Last year was a difficult year for much of our wildlife, especially winged insects which struggle in wet summers. It set 2012 up poorly.
This year, a dry winter and sunny March ushered in widespread hose pipe bans – the only effective rain dance yet devised by mankind. Sure enough, we endured the wettest April to June period on record, and the first half of July has been equally dire. A nine day hot spell in late May brought some respite.
The bird-nesting season has at best been poor, though individual birds live long enough to be able to miss the odd breeding season. On the Farne Islands, many puffin burrows have been drowned, and nests of other sea birds have been swept off cliffs. At Strangford Lough, in Northern Ireland, arctic, common and sandwich terns may fail to raise any young this year. On swollen rivers, nests of moorhens and swans have been swept away, and kingfisher and sand martin holes flooded.
It hasn’t been much better for our garden birds, with parents abandoning nests due to bad weather or failing to find enough food for nestlings. Bats and insect-feeding birds have been particularly badly affected, due to shortages of caterpillars and winged insects.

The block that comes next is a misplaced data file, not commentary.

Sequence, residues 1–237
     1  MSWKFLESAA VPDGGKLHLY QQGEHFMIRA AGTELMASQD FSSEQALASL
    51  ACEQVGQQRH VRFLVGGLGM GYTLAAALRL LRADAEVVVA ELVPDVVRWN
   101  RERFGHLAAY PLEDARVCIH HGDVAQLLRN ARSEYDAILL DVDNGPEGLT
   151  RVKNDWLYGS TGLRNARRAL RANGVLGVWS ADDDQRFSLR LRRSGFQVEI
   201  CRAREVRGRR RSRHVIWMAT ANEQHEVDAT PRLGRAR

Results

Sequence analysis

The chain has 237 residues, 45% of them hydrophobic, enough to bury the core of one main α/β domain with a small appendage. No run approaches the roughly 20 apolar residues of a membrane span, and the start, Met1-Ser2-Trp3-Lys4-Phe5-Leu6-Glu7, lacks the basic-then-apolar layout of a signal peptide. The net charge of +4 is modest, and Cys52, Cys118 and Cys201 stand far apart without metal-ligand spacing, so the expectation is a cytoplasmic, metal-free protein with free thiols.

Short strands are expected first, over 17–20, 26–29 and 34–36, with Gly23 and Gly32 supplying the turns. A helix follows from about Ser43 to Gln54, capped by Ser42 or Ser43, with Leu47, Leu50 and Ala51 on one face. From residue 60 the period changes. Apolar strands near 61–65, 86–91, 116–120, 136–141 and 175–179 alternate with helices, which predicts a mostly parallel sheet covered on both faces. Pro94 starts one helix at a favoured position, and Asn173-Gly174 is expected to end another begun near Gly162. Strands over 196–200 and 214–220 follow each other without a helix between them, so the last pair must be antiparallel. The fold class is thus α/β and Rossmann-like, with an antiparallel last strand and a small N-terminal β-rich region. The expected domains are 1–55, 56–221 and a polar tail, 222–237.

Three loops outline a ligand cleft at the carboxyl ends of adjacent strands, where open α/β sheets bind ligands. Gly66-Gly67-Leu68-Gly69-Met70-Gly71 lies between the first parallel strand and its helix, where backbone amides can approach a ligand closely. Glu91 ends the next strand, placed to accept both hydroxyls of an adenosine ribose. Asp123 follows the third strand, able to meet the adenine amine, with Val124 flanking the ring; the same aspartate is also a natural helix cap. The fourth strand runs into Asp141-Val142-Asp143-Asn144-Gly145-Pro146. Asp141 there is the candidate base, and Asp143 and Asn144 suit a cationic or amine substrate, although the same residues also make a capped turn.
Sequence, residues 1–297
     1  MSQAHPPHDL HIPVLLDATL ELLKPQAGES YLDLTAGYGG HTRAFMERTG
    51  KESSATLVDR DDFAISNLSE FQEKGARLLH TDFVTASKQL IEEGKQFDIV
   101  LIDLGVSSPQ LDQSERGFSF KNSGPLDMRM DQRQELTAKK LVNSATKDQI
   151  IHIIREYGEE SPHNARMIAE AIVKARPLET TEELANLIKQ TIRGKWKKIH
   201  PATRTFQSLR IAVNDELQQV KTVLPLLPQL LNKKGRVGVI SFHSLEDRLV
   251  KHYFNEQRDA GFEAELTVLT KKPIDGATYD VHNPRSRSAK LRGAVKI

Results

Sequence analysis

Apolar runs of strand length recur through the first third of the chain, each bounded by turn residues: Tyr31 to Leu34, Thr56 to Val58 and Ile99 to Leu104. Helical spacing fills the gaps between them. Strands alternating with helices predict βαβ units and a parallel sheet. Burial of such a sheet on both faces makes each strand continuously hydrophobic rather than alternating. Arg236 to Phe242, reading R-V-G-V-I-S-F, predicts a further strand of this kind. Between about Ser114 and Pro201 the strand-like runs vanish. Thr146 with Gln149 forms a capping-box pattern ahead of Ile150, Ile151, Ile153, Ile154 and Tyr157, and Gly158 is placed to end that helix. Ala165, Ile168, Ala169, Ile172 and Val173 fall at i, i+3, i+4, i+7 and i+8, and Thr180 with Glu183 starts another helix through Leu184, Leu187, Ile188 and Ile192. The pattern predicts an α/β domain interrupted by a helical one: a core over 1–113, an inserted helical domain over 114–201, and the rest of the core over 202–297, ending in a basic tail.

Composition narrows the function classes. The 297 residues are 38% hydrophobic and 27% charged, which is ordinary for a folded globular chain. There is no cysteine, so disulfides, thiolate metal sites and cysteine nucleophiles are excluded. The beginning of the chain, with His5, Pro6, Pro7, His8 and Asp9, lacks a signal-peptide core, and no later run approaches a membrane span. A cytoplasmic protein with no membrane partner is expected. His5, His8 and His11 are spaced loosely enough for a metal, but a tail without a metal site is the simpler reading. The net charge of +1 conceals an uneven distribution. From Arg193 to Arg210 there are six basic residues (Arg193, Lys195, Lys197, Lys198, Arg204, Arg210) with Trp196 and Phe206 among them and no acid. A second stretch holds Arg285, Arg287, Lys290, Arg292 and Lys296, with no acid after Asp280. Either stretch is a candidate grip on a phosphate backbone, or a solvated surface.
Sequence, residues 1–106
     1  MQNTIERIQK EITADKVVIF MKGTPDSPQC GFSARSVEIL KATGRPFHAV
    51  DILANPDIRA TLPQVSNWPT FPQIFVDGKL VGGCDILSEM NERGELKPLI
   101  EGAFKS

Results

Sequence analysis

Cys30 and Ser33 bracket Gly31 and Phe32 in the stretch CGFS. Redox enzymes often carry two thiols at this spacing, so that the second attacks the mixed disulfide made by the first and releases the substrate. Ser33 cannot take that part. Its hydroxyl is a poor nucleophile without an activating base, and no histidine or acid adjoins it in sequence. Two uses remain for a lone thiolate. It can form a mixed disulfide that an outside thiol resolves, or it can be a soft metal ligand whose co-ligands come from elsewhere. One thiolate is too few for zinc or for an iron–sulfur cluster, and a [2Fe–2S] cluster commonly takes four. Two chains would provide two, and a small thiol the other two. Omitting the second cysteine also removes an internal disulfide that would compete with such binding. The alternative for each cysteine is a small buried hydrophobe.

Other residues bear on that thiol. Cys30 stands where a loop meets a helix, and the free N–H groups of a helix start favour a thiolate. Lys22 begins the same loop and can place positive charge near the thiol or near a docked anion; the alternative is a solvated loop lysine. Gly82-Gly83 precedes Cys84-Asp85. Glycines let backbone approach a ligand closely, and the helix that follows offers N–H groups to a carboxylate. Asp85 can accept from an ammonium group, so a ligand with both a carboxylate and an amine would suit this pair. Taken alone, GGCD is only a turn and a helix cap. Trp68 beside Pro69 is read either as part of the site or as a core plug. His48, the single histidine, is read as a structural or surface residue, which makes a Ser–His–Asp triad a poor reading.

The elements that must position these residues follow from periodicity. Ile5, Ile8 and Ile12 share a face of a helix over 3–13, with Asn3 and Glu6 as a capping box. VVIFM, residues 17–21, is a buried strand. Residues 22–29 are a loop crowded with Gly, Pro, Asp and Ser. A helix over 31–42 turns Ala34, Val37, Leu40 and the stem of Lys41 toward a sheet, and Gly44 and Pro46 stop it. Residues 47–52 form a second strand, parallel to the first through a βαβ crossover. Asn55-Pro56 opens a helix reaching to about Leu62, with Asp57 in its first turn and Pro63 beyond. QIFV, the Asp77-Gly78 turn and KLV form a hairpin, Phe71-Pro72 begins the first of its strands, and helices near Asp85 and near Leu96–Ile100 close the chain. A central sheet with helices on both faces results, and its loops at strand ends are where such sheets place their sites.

Butterflies, bees, hoverflies and other beautiful or beneficial insects have all been scarce. Small isolated colonies of such weather-sensitive insects are likely to die out this year, and recolonisation may take one or two good summers. Few insects are visiting the garden buddleia bushes at present.
There are always winners and losers though, and this summer the main winners seem to be slugs, and nettles, and surprising, some of the orchids. It has been a particularly good summer for the exquisite bee orchid. Plagues of midges and mosquitoes may appear if the weather warms up.
The great hope now, of course, is that the Olympics will generate lovely weather – when people are indoors glued to their TV sets.
By Matthew Oates, a naturalist for the National Trust